Developments in the economic, technological and political context the last two decade have positioned human resources in a critical position when it comes to building innovative capabilities in the firm. Innovative capabilities are dynamic routines shaped to catch up with market opportunities in new and innovative ways (Arundel et al. 2007, Kirner & Som 2007, Nielsen et al. 2012). Among the various resources of the firm the human side is unique, meaning that under the right conditions the human resources grow qualitatively by being used. Useful knowledge developed and absorbed in the process of solving complex problems while working can thus be transformed into cumulative building blocks of relational knowledge resources, which may result in unique competitive advantages for the firm (Rasmussen & Nielsen 2011). However, this ability to grow as a learning resource by being challenged in work requires a conscious management in combination with appropriate organizational conditions facilitating the development of human capabilities as a collective strategic resource convertible to employee driven innovation (Fong et al. 2011).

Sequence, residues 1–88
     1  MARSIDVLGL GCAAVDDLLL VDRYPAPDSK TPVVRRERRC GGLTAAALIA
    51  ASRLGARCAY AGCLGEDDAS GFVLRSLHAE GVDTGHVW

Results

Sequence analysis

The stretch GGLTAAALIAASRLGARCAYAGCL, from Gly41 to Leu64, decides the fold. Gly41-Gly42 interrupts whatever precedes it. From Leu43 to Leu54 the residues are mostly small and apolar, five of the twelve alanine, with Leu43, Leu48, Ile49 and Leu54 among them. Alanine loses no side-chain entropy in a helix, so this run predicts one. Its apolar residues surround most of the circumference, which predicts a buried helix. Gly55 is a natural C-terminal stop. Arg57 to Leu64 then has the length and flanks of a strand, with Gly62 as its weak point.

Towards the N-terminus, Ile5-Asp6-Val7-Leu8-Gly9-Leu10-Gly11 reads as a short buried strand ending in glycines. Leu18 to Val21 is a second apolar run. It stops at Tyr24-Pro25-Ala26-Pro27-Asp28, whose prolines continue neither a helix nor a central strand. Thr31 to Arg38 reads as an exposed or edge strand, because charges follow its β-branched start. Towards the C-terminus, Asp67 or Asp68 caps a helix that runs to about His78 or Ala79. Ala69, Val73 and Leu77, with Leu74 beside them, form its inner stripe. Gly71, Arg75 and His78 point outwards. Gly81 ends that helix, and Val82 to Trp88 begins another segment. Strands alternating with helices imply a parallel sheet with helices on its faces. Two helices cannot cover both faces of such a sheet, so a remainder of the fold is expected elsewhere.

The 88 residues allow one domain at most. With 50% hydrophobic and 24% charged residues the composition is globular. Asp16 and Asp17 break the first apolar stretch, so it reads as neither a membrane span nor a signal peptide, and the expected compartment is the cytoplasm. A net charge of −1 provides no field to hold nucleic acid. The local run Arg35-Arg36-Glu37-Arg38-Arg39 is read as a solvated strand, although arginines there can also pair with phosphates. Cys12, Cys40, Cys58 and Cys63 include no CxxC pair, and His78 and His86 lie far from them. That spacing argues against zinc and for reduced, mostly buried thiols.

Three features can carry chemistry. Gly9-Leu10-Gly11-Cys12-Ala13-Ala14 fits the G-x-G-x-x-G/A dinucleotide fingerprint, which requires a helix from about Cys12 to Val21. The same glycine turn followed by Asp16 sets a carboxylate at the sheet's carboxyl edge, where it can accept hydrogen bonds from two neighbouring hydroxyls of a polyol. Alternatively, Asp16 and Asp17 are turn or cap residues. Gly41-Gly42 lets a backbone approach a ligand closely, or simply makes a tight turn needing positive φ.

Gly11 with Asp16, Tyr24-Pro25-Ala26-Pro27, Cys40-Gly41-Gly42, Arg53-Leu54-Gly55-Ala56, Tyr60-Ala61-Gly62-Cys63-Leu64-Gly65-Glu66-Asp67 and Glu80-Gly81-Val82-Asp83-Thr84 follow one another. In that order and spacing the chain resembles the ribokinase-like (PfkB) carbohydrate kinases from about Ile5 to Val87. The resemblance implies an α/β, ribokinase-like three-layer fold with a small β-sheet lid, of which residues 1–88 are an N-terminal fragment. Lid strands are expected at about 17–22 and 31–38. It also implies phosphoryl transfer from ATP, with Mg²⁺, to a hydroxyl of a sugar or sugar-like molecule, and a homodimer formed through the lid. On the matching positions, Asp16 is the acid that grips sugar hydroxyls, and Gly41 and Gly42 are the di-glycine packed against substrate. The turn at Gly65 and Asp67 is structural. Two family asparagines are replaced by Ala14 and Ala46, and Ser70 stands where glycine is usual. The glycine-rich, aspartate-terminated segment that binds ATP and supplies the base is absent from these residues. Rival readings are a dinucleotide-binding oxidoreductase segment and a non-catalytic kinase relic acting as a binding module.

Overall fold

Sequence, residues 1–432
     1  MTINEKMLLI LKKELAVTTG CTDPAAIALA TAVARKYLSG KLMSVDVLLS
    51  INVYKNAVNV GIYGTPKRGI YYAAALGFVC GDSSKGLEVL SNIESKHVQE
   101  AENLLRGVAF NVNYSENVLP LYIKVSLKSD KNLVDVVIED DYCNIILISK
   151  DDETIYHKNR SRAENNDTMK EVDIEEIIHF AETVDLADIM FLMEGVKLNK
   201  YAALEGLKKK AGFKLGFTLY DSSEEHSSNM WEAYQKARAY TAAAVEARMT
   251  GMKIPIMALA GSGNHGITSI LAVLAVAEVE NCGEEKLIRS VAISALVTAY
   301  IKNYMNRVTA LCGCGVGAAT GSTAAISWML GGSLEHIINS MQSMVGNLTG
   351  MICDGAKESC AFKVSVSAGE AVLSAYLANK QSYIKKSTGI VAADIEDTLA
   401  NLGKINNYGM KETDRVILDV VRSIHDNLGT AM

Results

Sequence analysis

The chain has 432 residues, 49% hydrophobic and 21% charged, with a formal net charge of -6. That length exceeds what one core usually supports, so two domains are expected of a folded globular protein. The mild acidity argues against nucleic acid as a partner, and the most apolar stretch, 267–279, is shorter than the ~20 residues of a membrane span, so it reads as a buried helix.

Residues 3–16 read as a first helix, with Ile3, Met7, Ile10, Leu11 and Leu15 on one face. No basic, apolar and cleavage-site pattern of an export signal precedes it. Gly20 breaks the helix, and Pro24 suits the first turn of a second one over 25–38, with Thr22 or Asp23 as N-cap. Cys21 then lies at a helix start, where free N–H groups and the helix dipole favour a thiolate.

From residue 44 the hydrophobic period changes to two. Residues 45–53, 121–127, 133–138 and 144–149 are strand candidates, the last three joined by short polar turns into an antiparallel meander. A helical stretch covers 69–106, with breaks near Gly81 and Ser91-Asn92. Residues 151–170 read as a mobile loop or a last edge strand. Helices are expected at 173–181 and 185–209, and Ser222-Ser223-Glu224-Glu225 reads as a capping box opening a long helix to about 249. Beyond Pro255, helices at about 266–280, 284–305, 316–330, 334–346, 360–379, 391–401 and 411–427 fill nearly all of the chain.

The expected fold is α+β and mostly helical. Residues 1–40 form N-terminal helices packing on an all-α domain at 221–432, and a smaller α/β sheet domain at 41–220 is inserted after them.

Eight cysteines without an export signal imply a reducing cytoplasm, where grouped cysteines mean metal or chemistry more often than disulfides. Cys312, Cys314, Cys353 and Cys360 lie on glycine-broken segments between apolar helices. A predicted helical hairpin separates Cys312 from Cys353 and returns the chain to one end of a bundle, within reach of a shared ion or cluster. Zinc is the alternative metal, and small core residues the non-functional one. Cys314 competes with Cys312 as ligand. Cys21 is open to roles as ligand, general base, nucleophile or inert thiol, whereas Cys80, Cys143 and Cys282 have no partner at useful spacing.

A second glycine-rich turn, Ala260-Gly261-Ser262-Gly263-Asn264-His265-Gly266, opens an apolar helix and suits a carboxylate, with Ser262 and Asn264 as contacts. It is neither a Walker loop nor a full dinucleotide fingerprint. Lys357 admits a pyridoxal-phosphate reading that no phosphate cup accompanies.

1.1 Context and pressure for change